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Hawkwind - This is Hawkwind - Do Not Panic CD (album) cover




Psychedelic/Space Rock

3.31 | 34 ratings

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5 stars Without question one of the finest Hawkwind live recordings and as the tile implies DO NOT PANIC!

Only about 20 % of the music you will hear on this disc was actually recorded at the mystic prehistoric Stonehenge monoliths located in Wiltshire County in the southern part of England. Now Hawkwing aren`t quite as strange as the monoliths themselves but are certainly one of the strangest rock bands to ever to have their music etched into vinyl.

The version I`ll be using for this short review is the original Nov `84 Flicknife Records vinyl release which came with a different cover than the one pictured here, a cool poster and a 7" 45 RPM single which contained the only two tracks featured on this package actually recorded at Stonehenge ( Stonehenge Decoded and Watching The Grass Grow ). The only reason you would think of for using the whole Stonehenge theme for this release is that was cooler to print " Do Not Panic Hawkwind Live At Stonehenge" than, "Do Not Panic Hawkwind Live At Lewisham Odeon, London" where the bulk of the tracks here were recorded on Dec.18, 1980 as part of the Levitation tour. In other words, a marketing scheme. But there might be another motive......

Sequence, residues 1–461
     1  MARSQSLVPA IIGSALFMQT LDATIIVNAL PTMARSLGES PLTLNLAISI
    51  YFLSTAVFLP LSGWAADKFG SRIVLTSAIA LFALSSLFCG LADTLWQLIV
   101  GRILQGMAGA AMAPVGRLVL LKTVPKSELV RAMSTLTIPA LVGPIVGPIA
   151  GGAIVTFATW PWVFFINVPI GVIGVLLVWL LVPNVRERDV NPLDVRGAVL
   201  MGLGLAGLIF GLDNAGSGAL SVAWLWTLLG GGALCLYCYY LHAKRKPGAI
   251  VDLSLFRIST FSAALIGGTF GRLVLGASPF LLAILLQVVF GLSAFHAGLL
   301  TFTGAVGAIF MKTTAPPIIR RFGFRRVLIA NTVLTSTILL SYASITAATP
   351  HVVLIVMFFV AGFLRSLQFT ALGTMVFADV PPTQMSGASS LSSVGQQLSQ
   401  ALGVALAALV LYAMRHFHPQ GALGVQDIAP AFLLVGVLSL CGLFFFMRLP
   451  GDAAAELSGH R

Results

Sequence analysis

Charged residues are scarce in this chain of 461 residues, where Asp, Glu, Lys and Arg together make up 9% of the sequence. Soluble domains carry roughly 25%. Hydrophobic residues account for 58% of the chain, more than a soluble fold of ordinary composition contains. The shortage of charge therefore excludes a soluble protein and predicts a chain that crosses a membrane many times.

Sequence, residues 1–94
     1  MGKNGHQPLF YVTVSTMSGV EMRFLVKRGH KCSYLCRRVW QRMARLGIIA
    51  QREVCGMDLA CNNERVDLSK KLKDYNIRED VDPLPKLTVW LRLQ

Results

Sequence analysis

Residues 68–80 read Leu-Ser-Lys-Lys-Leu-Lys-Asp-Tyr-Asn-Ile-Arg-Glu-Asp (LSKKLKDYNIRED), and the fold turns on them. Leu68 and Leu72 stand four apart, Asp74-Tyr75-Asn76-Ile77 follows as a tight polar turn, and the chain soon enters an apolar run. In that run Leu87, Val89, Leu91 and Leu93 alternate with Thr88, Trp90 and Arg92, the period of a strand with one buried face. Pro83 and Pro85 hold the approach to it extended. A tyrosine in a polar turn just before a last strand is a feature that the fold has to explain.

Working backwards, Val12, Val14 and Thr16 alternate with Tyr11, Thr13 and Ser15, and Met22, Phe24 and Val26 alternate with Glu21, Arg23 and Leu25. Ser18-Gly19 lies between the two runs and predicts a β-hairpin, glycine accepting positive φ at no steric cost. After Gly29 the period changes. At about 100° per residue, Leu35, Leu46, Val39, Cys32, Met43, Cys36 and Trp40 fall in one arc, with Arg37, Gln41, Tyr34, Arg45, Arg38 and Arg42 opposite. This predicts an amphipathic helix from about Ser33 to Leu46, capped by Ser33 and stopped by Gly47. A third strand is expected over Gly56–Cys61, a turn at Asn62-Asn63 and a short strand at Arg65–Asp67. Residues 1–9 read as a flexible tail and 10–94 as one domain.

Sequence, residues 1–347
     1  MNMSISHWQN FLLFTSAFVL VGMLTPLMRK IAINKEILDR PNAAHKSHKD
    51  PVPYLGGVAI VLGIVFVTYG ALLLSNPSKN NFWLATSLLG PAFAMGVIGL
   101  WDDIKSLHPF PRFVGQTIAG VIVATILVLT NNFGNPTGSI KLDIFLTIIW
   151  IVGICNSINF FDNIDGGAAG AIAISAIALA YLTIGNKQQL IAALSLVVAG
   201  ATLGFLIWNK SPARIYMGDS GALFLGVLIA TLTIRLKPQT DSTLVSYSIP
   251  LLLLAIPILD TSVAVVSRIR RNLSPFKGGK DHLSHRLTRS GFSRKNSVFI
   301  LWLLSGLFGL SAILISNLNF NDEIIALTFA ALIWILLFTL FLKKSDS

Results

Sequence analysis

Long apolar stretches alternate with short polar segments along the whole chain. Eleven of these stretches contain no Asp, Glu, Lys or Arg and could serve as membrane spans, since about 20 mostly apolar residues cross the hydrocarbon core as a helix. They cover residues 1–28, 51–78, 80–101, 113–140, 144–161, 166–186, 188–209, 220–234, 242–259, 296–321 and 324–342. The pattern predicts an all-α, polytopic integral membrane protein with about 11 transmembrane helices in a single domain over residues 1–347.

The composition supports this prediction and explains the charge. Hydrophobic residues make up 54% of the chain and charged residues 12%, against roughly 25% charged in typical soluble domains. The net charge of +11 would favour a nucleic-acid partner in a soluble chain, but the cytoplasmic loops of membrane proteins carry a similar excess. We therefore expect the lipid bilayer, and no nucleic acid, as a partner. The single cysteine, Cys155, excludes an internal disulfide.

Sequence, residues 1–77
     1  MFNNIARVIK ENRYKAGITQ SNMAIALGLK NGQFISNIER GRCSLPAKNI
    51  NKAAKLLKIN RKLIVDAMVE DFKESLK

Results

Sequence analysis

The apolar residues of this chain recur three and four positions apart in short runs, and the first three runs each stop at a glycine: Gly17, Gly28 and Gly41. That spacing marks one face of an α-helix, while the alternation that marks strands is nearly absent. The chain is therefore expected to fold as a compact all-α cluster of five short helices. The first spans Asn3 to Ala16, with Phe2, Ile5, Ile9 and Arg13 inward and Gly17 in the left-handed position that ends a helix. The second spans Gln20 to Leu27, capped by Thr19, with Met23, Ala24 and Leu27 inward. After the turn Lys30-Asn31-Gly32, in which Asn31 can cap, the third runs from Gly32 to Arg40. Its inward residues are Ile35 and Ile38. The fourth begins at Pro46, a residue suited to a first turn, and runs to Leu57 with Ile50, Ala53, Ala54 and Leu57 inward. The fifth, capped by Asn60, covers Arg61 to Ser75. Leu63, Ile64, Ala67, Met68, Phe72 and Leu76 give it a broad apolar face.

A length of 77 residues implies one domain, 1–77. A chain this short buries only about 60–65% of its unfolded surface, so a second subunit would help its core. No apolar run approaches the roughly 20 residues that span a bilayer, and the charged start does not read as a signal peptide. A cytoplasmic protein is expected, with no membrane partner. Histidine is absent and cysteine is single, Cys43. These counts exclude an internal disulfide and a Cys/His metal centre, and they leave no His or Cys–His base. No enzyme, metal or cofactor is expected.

Both the long-time Hawkfan and those new to the band will glean much from this album and I`ll place more focus on the first London tracks and move on to the two Stonehenge pieces which are equally signifigant here ( after all, they couldn`t very well call the album a live at Stonehenge record if there weren`t any tracks actually recorded at Stonehenge! That would really duping the fans).

After a stormy late seventies period which was plagued with legal squables, personel changes, stylistic deviation ( into punk territory eeek!) and even a name change Hawkwind were back on track with an album entitled Levitation. The album featured consant Commander Dave Brock on guitars, vocals and synths and new members, Ginger Baker on drums ( the ex-Cream guy ), Tim Blake ( ex-Gong ) on synths and the return of an original member Hugh Lloyd-Langton on second guitar along with Harvey Bainbridge on bass. The result was a heavier edged sound which evoked Hawkwind`s days of the earlier half of the seventies. The live tracks heard here reflect a band which had fine tuned itself after a mediocre live album which was recorded earlier in `79 entitled "Live `79". So if you have heard "Live `79" and were not too impressed strap yourself into the ejection seat for this creature. Only one personel change occured on this particular recording with Tim Blake being replaced by Kieth Hale ( ex-Nothingeverhappens ) mid-way through the tour but whose approach to electronic keyboards was very similar.

The live acoustics at the Lewisham Odeon venue afforded a very spacious and pulsating sound for Hawkwind here. You never know which Hawkwind is going to show up for a gig. The "wow man" Hawkwind or the " what the freak was that?" Hawkwind. This was the definitely the former!

We get to hear a heavier classic ( Angels Of Death ) as well as several tracks from the Levitation album . A killer faster version of PSI Power from the `78 25 Years On LP is played here too during which time they had to change their name to Hawklords while legal issues were being sorted out. It is listed here as PSY Power for those very legal reasons, the inclusion of which is revealing of how suprising a Hawkwind show can be, and how suprising Hawkwind as a band can be period. Perhaps the real gem here though, is Shot Down In The Night where they really jam it out with the double guitars are used to great effect an offer contrasts between Lloyd Langton and Commander Brock`s riffing.